Donna: Pretty small. In fact, my catchment school is not even the school that was closest to my house. When people have looked at how the lines have been drawn, there's some phenomenon, like a [NYCHA] project on a particular street could be excluded from a zone line. I mean the zone lines are not always so clear how they've been drawn, and, in fact, have promoted segregation and inequality in the district.

District 3 is not that large a district. We go from the fifties up to 122nd. We are considered one of the most diverse districts in the city. We're, also, one of the most segregated.

After Center for Immigrant Families really documented the mechanisms of exclusion, what's happened is that there have been certain schools that it just was kind of understood, which I put in quotes, that for some families there was almost a sign "do not apply," or "you are not welcome." This was going on in our district for quite some time, but it was almost considered that's just the way it was, and everybody knew it.

What the Center for Immigrant Families' parents did together was to say, "This isn't an individual problem that each of us is having. This is systemic. This reflects systemic inequality," and looking at the question of who has access to our public schools. These are public schools. Looking at issues like being told if you're in the district, go uptown where you'll be more comfortable, or asking you how much you can contribute to a school, being quite clear that it means monetary contribution, and other mechanisms that really basically make it clear who is wanted and who is not.

Emily:  Even if a family was zoned for a school next to their house, they would get the message that they were not welcome there, and to go uptown?

Donna: Years ago the district was ... Half the seats were out of catchment seats. There were parents traveling to take their children to school ... Transportation back and forth has been very extensive in our district.

Emily: That was the norm.

Donna: That was the norm. People were traveling, but there was access for some people and not for others, and others were told, "No, you should be in your neighborhood," while, in fact, some of the schools were ... People were traveling all over the district to get there, but it was clear that they were catering to largely white and largely middle, upper income families.

Everybody cares deeply about the education of their children, and there's this thing put out there of 'certain families care more than others,' but that reflects race and class bias. I think that's a notion that anyone who speaks to parents from different backgrounds can see is just not rooted in reality. All parents care deeply about their children's education, and when we talk about our community schools, all our schools in District 3 should be our community schools. That's what we've been ... Parents wanted to document the problems to show that this was actually happening in the district.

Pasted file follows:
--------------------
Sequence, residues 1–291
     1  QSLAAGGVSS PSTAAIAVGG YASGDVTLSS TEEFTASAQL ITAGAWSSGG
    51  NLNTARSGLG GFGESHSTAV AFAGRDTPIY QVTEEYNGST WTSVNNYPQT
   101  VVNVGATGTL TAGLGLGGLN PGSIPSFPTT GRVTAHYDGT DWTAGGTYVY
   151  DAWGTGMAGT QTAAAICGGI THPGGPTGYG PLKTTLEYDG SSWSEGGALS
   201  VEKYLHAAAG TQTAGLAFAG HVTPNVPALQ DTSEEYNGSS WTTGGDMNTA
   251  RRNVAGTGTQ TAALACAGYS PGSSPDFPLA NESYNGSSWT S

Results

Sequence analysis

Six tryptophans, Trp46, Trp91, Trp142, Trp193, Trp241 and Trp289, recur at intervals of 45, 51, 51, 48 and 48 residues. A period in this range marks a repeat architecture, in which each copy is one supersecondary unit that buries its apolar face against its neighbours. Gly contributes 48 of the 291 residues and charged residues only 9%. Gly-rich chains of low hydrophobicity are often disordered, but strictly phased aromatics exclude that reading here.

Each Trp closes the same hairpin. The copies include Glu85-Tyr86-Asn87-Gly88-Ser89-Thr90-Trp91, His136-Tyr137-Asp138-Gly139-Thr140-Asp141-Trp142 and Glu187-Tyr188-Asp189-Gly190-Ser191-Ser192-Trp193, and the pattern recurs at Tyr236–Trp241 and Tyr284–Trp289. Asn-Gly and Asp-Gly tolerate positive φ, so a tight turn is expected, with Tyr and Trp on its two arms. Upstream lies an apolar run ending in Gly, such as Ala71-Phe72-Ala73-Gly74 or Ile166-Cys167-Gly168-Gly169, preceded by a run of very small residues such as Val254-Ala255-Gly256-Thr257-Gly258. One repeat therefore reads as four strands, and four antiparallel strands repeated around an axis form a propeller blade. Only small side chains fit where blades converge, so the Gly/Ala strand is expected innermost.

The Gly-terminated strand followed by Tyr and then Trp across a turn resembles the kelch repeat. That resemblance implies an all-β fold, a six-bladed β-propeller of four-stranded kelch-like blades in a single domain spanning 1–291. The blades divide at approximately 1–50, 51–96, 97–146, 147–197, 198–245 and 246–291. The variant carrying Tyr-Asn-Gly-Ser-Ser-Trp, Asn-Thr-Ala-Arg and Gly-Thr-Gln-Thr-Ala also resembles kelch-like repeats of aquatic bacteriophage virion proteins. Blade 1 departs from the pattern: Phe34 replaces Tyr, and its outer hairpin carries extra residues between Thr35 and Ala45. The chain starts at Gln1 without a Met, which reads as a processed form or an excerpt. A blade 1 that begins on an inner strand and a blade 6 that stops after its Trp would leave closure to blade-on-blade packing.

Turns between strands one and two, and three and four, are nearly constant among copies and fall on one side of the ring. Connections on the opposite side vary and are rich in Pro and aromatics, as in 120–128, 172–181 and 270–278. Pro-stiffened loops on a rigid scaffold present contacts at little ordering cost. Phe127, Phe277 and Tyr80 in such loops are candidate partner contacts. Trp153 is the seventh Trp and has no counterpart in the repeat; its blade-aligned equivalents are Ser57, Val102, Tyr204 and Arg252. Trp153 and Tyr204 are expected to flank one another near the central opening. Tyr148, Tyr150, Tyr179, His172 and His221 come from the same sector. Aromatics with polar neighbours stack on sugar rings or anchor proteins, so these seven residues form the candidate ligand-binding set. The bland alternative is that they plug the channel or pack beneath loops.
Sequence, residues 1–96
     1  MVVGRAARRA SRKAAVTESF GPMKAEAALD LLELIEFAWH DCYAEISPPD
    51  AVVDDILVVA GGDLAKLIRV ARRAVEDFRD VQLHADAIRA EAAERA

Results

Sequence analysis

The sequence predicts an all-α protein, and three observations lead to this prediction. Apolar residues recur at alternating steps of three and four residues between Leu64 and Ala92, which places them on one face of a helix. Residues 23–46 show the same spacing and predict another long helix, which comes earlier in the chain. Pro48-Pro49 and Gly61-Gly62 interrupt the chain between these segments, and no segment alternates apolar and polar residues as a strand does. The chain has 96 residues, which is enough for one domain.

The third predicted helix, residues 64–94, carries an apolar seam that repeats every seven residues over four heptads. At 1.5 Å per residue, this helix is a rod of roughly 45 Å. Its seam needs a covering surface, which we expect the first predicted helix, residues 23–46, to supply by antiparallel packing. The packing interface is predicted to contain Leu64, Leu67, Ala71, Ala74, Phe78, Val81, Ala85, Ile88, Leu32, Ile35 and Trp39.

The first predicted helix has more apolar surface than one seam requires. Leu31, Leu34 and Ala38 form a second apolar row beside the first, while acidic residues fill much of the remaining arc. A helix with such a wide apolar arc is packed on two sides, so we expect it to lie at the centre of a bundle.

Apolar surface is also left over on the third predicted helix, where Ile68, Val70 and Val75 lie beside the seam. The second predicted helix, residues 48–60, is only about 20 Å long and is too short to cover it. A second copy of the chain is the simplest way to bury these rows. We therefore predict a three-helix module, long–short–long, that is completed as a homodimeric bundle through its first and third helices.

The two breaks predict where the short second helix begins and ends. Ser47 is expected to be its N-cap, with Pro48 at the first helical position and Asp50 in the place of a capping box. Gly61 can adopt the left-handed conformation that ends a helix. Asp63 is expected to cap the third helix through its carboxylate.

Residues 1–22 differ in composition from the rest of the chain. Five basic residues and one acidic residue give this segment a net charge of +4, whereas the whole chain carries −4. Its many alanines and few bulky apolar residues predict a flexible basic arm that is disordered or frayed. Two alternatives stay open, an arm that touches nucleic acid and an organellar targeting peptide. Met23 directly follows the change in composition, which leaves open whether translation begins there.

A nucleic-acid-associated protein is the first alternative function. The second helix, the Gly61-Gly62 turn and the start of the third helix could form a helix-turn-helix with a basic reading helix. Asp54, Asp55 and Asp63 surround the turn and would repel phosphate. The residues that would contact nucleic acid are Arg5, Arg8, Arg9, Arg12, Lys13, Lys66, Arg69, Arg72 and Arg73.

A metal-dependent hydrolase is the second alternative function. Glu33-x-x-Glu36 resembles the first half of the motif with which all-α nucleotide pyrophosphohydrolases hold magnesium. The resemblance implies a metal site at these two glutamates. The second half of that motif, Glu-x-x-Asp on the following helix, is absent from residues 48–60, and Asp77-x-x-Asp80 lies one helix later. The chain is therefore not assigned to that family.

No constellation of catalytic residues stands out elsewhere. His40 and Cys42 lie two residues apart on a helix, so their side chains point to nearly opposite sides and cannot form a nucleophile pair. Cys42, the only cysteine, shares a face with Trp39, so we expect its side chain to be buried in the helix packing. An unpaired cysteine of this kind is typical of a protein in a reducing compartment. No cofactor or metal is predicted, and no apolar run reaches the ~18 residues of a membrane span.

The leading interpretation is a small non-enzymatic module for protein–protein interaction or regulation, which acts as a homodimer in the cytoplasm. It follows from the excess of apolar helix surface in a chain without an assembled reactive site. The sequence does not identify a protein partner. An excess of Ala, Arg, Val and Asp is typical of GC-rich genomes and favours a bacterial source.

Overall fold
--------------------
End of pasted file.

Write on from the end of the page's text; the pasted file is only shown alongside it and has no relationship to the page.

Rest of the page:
What's interesting about the report was that sometimes outsiders come into a community and say, "Oh, this community is unequal," and the report gets shelved, and people are like, "Who are these outsiders?" But, in fact, this grew out of the community itself, who documented over 350 stories of exclusion. That's really where this organizing began.

Emily: Is there an example of where maybe zone lines are drawn in an exclusionary way, or a family was told something? Are there certain schools where that's very evident?

Donna: I mean we had stories documented where parents who were from a catchment area were discouraged from going to the school, and told that they wouldn't be comfortable in the school. But the problem is larger than that. The catchment areas, it's a problem when you have somebody go to a real estate office and say, "I want my kid to go to this school," so you're moving to a $2 million co-op or more, so that your child to go to a school.

Then we want to look at and say we want schools that well serve all our children. We don't want an admissions policy determined by whether you can afford a $2 million co-op to send your kid to that particular school. I believe that's not how we would formulate what a fair school system would be like.

Having access to public schools is a very fundamental step. It's not the be all and end all, but who schools serve and who they don't serve, it's a very important indicator in our society of whether we're being fair and just, or whether we're being discriminatory. We all want our children to get a good education, but I believe if you think about it, do we want our children to get a good education at the expense of another child? Do we want our children to have access to a school, because, for example, in my case, I'm white and privileged economically? Do I want my child to have access to a public school because of that?

For those of us who have any principles of equity, I think we need to work to have our public schools reflect the kind of society we want to live in. Right now the schools our deeply segregated, deeply unequal.